Having been somewhat of a fair-weather Interpol fan for years, in the week leading up to the gig I reacquaint myself with their back catalogue, creating a real anticipation for the evening's entertainment.
Playing the Apollo as part of the promotion for latest album ‘Marauder’, the band arrive on stage all dressed in black suits, immediately providing a goose bumps moment with their debut album opening track ‘Untitled.’
The stage production here is fantastic, with lights hitting the glitter ball above and providing everyone in the venue the chance to take the same photo on their camera phones. I’m also guilty of this, but it’s truly a marvellous visual accompaniment to the sound.
Up tempo latest single ‘If You Really Love Nothing’ gets an early outing and guitarist Daniel Kessler excitedly shuffles around the stage in his trademark fashion.
A personal highlight arrives when they launch into old classic ‘Say Hello to the Angels.’ This is then followed up by the iconic singalong of ‘NYC’ and I’m left in a state of 2002 indie fan delirium.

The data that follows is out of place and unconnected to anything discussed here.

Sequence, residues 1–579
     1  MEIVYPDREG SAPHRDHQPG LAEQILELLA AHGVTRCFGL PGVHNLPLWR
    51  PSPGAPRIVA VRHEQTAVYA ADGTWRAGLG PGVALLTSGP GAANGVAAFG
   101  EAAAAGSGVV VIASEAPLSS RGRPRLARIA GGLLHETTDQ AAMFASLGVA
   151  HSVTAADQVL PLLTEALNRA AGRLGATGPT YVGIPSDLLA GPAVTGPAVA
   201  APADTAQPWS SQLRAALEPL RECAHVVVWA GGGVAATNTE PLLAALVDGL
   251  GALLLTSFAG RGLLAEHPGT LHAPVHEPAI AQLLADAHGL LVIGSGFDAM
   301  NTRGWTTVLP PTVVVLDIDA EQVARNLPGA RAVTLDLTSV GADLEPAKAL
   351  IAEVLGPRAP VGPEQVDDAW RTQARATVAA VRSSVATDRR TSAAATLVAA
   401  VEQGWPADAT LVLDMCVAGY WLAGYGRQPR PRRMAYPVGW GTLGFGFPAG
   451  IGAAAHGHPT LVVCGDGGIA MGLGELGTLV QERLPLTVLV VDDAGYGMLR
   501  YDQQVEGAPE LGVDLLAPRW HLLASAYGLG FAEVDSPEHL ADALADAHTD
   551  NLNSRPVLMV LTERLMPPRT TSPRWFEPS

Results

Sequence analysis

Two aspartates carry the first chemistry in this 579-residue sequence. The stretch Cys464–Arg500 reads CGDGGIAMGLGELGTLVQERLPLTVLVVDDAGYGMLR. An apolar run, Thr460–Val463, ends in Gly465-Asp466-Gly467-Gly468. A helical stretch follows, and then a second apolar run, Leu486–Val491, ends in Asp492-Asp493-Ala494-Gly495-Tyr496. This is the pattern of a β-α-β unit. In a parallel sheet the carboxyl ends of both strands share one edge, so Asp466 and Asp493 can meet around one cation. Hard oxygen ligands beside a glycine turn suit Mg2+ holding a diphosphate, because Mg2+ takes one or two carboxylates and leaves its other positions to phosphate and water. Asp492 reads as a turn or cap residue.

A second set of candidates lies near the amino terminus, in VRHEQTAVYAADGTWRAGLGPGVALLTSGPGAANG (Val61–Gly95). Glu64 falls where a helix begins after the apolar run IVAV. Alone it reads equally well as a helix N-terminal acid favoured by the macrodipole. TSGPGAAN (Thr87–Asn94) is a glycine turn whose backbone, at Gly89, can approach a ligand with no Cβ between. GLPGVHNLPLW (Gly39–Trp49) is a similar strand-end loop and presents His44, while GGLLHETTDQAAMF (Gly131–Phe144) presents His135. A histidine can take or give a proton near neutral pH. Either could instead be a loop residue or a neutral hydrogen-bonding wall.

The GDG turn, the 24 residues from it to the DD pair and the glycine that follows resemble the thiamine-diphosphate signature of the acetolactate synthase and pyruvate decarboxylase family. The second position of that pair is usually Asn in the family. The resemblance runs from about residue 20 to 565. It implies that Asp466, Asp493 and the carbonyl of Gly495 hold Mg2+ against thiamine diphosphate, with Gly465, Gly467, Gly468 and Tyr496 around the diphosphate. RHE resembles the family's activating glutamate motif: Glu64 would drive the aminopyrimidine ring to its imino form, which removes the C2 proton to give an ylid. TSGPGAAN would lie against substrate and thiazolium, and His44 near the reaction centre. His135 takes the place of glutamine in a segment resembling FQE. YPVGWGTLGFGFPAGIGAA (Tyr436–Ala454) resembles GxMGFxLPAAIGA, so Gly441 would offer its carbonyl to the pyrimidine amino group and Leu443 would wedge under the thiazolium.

Lead singer Paul Banks isn’t really one for stage “banter” but this hardly matters as everyone in attendance stands spellbound by the set. New tracks are scattered in amongst old classics, with the standout latest cuts being ‘The Rover’ and ‘Flight of Fancy.’
There’s a period towards the end of the main set that particularly shines. The guitar in the second half of ‘The New’ is a stunning, sinister piece of work when hearing it live. This is followed by the only track to be played from their 2010 self-titled album, ‘Lights’, which has a brooding quality and gives an almost horror movie soundtrack mood. It was a song I wasn’t aware of previously and shows there’s much more to the band than their critically acclaimed earlier work.
As the main set comes to a close with the anthemic ‘Evil’, I briefly join arms with a sweaty man celebrating his birthday in front of me, belting out every word before he kindly introduces my head into his selfies.
Interpol return to the stage with a splendid encore, playing another of my favourites ‘Take You on a Cruise’, before closing with ‘Slow Hands’ which the Apollo erupts for.
Whilst some may scoff at the chance of reliving the golden era of New York indie post-punk in 2018, Interpol’s live performance is spectacularly crafted and shows they’ll sell out these types of venues as long as they continue to make music.
If You Really Love Nothing
Say Hello to the Angels
All the Rage Back Home
Rest My Chemistry
Flight of Fancy
Pioneer to the Falls
Take You on a Cruise